the narrow entrance slowly, and with such rigged German training-steamer Charlotte care and excellent skill that I complimented entered the harbor. Other vessels were him for it after we were made fast to the anchored or moored in localities more or less buoy. I also commended him to the cap- remote from the Maine-two hundred yards tain of the port, later. There were then in and upward. the harbor, moored to permanent mooring Probably no forms of etiquette are more buoys, two other men-of-war: the Spanish stable than those observed among navies in cruiser Alfonso XII, which never changed her reciprocating courtesies. They are laid down position from the time the Maine arrived in the navy regulations and are established until the Maine was sunk; and the square- by rigid international convention. Those rigged German training-steamer Gniesenau. relating to reciprocal courtesies between The Maine moved slowly in, passing between naval ships and military and civil authorithe two men-of-war, and was moored to a ties are quite as well established; they are mooring-buoy chosen by the pilot, about four known in all ports much frequented by naval hundred yards south of the German vessel vessels. On the arrival of a foreign vessel in the man-of-war anchorage off the Ma- in port, the chief naval officer present of the china or Naval “Shears." She never left nation to which the port belongs sends an this buoy, but carried it down with her when officer of the rank of lieutenant, or below, she sank. It was approximately in the po- to the commanding officer of the arriving sition of buoy No. 4, as shown on chart No. vessel with an offer of civilities, or to express 307, published by the United States Hydro- the wish of the naval authorities to give any graphic Office At the time of the explo- assistance in their power. On the departure sion of the Maine the Spanish despatch-boat of the officer who makes this “visit of cereLegazpi occupied the berth which had been mony," an officer of the arriving vessel is held formerly by the Gniesenau. A day or promptly despatched to acknowledge the two after the arrival of the Maine, the square- visit and to express the thanks of his com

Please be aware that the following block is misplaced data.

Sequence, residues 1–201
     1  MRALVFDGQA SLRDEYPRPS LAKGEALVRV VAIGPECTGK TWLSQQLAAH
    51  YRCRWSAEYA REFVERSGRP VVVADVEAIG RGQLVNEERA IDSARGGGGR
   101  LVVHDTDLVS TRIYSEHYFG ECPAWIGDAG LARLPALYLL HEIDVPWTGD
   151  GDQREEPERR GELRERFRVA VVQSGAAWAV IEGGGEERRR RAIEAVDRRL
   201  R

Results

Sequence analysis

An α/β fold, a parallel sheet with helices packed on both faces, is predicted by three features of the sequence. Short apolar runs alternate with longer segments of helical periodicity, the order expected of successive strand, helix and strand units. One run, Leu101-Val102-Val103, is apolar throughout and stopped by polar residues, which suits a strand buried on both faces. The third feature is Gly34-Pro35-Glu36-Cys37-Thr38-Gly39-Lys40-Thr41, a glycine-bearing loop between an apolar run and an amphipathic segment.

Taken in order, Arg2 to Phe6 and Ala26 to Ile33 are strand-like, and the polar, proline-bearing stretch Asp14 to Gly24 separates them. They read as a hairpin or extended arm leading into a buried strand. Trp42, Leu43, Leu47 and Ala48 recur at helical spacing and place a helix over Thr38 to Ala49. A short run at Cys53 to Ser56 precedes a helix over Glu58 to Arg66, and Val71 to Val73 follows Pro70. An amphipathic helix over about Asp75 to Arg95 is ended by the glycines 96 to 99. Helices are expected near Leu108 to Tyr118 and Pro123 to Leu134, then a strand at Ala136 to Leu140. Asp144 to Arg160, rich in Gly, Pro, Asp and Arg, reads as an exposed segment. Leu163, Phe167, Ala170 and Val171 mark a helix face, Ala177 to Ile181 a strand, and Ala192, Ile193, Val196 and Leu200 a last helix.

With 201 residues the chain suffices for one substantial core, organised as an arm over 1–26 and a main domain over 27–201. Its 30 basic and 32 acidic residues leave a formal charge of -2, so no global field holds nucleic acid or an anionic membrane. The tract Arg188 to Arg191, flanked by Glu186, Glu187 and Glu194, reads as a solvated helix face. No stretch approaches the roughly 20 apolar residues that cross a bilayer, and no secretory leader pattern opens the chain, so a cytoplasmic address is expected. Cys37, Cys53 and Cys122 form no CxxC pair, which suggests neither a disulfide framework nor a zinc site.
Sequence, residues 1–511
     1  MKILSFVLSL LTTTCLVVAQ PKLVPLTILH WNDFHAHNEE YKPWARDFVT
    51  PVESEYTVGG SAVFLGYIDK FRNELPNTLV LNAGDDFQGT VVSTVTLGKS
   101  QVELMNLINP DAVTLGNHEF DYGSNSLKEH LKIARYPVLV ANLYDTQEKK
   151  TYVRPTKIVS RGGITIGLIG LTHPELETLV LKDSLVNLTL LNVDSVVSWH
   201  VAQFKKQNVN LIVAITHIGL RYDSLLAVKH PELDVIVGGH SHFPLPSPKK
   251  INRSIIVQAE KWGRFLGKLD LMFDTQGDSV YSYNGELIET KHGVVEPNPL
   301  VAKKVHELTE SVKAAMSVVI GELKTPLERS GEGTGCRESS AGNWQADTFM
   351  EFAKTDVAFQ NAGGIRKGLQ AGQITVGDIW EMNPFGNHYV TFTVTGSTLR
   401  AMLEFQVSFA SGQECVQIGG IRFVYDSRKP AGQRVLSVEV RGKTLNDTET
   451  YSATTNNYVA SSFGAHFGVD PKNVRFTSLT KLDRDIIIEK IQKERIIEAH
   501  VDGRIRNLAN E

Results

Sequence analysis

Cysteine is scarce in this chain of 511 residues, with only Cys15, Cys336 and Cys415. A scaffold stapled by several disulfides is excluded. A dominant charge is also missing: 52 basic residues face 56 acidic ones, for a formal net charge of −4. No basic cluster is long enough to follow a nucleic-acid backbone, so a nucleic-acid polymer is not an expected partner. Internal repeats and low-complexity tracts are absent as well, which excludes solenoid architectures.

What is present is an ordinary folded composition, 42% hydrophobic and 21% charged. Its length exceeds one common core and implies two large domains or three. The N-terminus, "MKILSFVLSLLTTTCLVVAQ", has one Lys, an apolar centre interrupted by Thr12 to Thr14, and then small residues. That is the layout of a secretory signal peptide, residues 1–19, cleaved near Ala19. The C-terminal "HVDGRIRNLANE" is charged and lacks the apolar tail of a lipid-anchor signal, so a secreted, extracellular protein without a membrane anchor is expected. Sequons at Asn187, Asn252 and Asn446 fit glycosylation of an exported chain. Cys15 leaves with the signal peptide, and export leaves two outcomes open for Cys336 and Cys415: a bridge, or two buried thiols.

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All were lost with the exception of Bloomer. Newton was the ship's bugler and sounded taps

just before the explosion. The goat was left behind at Key West.